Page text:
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Sat. November 24 – Thanksgiving Meditative Hike to Hook Mountain, Rockland Lake State Park (on the Long Path)

 

“Walking mindfully on the Earth can restore our peace and harmony, and it can restore Earth’s peace and harmony as well.  We are children of the Earth.  We rely on her for our happiness, and she relies on us also.  Whether the Earth is beautiful, fresh and green, or arid and parched depends on our way of walking.  When we practice walking meditation beautifully, we massage the Earth with our feet and plant seeds of joy and happiness with each step.  Our Mother will heal us, and we will heal her.” — Thich Nhat Hanh

 

Register

Immerse in the peaceful beauty of autumn in the Hudson Valley before winter arrives. This guided, meditative hike takes the scenic route along the Long Path—into the Rockland Lake State Park and up Hook Mountain (698 ft). Enjoy expansive vistas only 1.5 hours outside of the city, and an extraordinary space designated by the New York Audubon Society as an Important Bird Area.

As we head into deep fall, take a walk into the woods to connect with nature and ourselves. We’ll integrate sitting and walking nature meditation throughout the hike.  Some examples of practices may include the following, but actual practices will vary based on location and weather.

  • Sensory and Tactical Awareness
  • Non-Conceptual Awareness: Letting go of existing concepts and focus on direct experience
  • Expansive Awareness: Dissolving into the sky
  • Four Elements: Contemplating the elements of air, earth, water and fire
  • Tree Meditation

Most of the hike will be observed in silence.  John Muir said, “In every walk in Nature, one receives far more than he seeks.”  Silence is a critical ingredient for introspective and transformative experiences.  Turning our attention inward allows us to become receptive to both of our outer and inner experiences.  Allow your senses to come alive and watch your sense of separateness fall away in nature.  The dynamic outdoor conditions will be a perfect container for mindfulness practices.

The hike will be approximately from 10am – 3pm, with stops for meditation practices and an hour long lunch break.  It’s a relatively moderate hike, but there are sections where you need to go up and down, so hiking shoes and a pair of hiking poles will be handy.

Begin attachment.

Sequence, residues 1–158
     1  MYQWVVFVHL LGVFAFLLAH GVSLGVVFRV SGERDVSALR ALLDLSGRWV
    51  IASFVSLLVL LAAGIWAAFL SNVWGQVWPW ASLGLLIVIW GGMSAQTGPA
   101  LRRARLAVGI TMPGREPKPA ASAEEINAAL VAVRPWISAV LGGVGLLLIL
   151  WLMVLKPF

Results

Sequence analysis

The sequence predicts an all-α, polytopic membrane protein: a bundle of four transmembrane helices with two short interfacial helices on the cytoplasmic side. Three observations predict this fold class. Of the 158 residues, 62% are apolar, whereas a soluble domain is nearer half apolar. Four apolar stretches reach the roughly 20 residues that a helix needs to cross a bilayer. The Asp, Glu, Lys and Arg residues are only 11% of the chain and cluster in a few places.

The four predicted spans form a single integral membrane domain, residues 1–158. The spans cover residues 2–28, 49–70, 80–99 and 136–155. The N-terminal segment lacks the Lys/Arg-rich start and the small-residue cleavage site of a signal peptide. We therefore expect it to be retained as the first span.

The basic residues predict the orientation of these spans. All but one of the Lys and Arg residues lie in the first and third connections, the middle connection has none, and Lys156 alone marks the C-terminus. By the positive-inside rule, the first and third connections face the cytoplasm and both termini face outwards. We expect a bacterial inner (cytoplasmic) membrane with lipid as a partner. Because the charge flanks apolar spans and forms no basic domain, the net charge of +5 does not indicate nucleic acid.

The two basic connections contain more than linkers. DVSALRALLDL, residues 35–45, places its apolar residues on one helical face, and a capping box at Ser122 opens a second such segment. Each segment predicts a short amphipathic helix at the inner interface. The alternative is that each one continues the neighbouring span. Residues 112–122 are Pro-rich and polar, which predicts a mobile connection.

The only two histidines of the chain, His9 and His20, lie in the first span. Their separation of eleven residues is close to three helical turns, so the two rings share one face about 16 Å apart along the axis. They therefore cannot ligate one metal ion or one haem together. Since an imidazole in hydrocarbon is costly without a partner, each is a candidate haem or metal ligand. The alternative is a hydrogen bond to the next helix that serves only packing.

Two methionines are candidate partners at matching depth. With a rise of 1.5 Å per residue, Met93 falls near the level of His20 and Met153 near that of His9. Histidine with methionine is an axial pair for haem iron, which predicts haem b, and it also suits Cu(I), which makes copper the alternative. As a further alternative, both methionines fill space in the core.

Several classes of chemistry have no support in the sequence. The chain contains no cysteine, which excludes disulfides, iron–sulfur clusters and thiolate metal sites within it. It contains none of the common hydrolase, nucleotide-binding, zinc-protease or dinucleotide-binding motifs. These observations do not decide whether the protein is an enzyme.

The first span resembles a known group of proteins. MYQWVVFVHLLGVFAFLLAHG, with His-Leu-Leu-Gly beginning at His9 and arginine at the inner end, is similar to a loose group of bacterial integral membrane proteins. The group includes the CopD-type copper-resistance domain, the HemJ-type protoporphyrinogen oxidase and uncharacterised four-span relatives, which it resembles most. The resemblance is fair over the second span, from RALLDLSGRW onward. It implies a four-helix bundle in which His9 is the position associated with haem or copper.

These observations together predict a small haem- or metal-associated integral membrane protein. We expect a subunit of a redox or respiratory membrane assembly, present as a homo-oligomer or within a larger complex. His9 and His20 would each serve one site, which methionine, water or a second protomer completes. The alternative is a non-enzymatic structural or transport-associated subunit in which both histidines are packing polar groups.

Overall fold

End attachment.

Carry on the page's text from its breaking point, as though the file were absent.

Who: Lin Gordon

When: 8:15am-3pm, Saturday, November 24, 2018

Where: Rockland Lake State Park, South Entrance on Route 9W and Lake Road (parking lot #4). Valley Cottage, NY. (299 Lake Rd. Valley Cottage, NY, 10989). There is a picnic table under a big tree near the toll booth of the parking lot. 

Public Transportation: Coachusa.com (Weekend schedule)

From 42nd St., Port Authority: Leave on the 8:15 am bus going to Rockland Lake

From George Washington Bridge Terminal: Leave on the 8:40 bus going to Rockland Lake

Destination: Rockland Lake (Lake Road and Route 9W) in Valley Cottage, NY

Please make sure that you leave ample time to get to the bus gate.  You can get ticket on the bus or from the window on the ground floor.

Arrival Time: Bus arrives approximately at 9:35 a.m.  After arriving, walk across the street (Route 9W) and walk into Rockland Lake State Park, South Entrance.  Keep walking along the path for 2 minutes, we’ll meet a picnic table right next to the park lot.  Restrooms will be available.

Return Trip: The bus runs hourly and arrives at pickup at approximately 25 minutes past each hour.  Bus station is right across where they drop off in the morning.

Drivers: Expect an $8 parking fee. Arrive by 9:45 a.m. and drive into the Rockland Lake State Park, South Entrance on Route 9W and Lake Road, Valley Cottage, NY. (299 Lake Rd. Valley Cottage, NY, 10989).  There is another parking lot about a mile further north on Route 9W (parking lot #2).  Please make sure you’re at the right one.  South Entrance parking lot is an open space with a lots of picnic tables and a large building complex.

We aim to start the hike at 10am and will walk to the trailhead together from the parking lot.

Registration Fee: Sliding scale from $30 – $85.

Register at NYIMC.org

No prior meditation experience needed.

Bring

Wear

  • Sturdy hiking boots
  • Comfortable athletic clothing (cottons are discouraged)
  • Hat
  • Jacket
  • Sunscreen
  • Sunglasses

Winter Renewal Silent Weekend Retreat – President’s Day Weekend, 2019

Register

Every season has its unique gifts. As a season for deep rest and renewal, winter provides us a unique opportunity to step away from our active life and come into deep introspection and regenerate.

To help you come into a deeper rhythm with the natural world, Lin Gordon and Lee Steppacher will weave nature-based meditation practices throughout this silent weekend retreat. We will spend extended time outdoors and participate in guided meditation and mindful walks to open our sense of awareness, and sinking deeply into our connection to the world around us. Participants will learn to develop a receptive presence and contemplative relationship with nature, opening the possibility to experience beautiful states of joy, peace, wonder, love and connection with oneself, each other and the larger web of life.

Specific practices will be chosen based on weather, location and the group, but will include foundational mindfulness, movement and wisdom practices that are particularly aligned with being in nature.